The Ghost Dance: Intention vs. Result
The Ghost Dance was a tradition that originated in the late 1800’s, this dance was a spiritual movement performed by Native Americans on reservations who were in search of hope in a time of need; however the results weren’t what they expected.
1.) What is the Ghost Dance?
A.) The ghost dance was originated by a Northern Paiute Indian named Wovoka (Jack Wilson in English), who insisted they were sent to earth to prepare Indians for their salvation. This movement began with a dream Wovoka had during a solar eclipse on the night of Jan 1, 1889. Wovoka’s dream included a vision in which all Native Americans were taken into the sky ...view middle of the document...
The Indians had suffered from lack of food and from disease even before the reservation only aggravated the situations. But the agents could do nothing to help the Indians” (101).
B.) Throughout all of these issues the Indian Agents failed notice a rumor of an Indian Messiah among the Lakota’s in the fall of 1889. Wovoka (Jack Wilson) created a Messiah Letter to be delivered to two tribes and was not to be seen by a white man; however this letter eventually found its way to Washington. In this letter Wovoka says, “When you get home you must begin a dance and continue for five days. Dance for four successive nights, and on the last night continue dancing until the morning off the fifth day, when all must bathe in the river and then return to their homes. You must all do this in the same way… I want you to dance every six weeks. Make a feast at the dance and have food that everybody may eat” (Legends par 5).
C.) Indian agents didn’t take notice of the Ghost Dance until late spring of 1890, this is when John W. Noble the Secretary of the Interior received a letter from an “alarmed citizen” living in Pierre, South Dakota. This citizen believed the Lakota’s were planning an uprising, at that point Noble ordered the commissioner of Indian affairs to investigate. Hugh D. Gallagher the agent at Pine Ridge Reservation was the first to respond and assured Noble that no dangers existed, Charles E. McChesney the agent at Cheyenne River Reservation also found no dangers, and both denied any rumors of an uprising. Agent J. George Wright from Rosebud Reservation denied any trouble, however he gave a more detailed reply. Wright reported that there was much excitement and secrecy between reservations as early as March of 1890. This agent found that this took place between the dissatisfied and non-progressive Indians. Agent James McLaughlin at Standing Rock Reservation replied with a long letter stating that there were no areas of concern.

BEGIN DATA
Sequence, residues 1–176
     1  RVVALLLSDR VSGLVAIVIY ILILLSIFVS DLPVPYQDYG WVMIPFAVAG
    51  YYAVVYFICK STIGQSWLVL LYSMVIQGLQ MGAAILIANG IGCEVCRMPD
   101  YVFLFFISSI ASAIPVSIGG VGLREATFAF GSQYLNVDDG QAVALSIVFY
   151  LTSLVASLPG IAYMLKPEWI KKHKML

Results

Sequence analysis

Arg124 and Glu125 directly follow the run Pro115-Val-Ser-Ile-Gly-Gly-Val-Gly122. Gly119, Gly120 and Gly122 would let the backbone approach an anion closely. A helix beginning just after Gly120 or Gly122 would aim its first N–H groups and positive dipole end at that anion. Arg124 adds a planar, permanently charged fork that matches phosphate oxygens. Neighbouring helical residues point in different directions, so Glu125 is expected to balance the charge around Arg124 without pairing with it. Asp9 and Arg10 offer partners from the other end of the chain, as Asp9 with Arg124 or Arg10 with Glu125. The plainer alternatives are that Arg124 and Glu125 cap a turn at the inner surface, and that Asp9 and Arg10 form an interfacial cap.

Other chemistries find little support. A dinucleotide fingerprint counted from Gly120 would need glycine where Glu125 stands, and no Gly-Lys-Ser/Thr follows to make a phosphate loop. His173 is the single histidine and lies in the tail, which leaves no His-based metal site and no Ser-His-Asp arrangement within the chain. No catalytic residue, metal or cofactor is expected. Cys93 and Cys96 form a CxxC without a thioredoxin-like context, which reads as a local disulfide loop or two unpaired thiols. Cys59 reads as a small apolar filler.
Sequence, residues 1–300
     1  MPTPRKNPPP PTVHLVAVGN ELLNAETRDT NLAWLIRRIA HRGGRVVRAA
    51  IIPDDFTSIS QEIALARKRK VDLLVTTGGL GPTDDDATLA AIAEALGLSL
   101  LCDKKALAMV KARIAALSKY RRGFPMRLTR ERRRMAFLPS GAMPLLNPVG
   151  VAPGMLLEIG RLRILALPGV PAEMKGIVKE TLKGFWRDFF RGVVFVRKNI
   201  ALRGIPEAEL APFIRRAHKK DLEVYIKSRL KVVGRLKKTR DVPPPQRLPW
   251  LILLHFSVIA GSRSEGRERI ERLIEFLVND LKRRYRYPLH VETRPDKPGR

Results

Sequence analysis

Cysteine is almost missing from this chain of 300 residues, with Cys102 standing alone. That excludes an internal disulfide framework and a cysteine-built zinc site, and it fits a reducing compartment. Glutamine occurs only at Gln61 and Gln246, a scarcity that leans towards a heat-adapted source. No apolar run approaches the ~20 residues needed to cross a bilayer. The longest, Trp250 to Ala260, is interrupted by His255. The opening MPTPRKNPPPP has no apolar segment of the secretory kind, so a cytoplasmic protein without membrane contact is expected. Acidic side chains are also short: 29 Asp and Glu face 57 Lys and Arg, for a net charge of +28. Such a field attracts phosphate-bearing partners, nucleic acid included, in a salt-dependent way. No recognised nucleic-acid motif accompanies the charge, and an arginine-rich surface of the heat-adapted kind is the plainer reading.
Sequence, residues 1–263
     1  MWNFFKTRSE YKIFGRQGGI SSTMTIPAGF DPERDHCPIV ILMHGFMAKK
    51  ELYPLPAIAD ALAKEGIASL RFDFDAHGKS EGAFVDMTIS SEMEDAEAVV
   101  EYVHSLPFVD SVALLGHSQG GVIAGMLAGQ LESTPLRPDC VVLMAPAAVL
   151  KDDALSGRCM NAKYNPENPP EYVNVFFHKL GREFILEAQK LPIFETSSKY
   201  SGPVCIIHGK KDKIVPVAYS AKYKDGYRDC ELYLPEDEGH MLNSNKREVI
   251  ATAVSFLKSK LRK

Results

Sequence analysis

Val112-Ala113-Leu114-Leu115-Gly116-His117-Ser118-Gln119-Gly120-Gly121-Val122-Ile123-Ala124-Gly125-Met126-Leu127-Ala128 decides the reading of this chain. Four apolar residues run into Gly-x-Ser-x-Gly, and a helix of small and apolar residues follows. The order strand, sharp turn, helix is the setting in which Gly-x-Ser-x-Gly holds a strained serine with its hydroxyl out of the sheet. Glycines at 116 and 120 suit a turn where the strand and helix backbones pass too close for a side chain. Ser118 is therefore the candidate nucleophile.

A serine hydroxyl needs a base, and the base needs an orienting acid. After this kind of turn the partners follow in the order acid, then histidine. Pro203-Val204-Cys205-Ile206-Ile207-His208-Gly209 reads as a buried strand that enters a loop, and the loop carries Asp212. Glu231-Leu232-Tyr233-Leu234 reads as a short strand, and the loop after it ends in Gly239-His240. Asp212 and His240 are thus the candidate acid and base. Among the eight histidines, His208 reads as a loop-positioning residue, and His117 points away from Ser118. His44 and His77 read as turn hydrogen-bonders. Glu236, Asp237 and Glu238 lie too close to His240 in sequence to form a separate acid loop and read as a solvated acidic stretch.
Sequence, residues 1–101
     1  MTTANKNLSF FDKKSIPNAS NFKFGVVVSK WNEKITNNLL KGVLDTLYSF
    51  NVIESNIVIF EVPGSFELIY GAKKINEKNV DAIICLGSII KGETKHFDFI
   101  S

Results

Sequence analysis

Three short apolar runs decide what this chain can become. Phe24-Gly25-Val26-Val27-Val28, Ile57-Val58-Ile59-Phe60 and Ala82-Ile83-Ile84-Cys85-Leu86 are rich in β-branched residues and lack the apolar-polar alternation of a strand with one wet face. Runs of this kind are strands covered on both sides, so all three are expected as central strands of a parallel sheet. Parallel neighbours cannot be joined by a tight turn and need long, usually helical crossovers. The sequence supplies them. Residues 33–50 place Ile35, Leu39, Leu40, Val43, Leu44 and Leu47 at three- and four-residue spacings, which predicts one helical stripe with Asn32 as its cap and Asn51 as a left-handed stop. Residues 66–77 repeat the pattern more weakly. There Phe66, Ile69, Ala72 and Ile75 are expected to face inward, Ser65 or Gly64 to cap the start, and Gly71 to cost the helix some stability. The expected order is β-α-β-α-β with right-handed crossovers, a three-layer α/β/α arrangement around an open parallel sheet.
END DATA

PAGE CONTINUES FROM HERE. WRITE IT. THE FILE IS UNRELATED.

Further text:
D.) In the late summer of 1890 the Ghost Dance seemed to be dying out, however Gallagher included within his report in August that “the dance seemed to gain more followers as the summer passed. He wrote, “Strange as it may seem this story [of the messiah] was believed by a large number of Indians and is [to] this day” (Andersson 103). In late August was when the first trouble began, Gallaher at the Pine Ridge Reservation then learned that 2,000 Indians were located at a dance camp near White Clay Creek, by September the Ghost Dance spread to Rosebud Reservation, and by late October the Ghost Dance...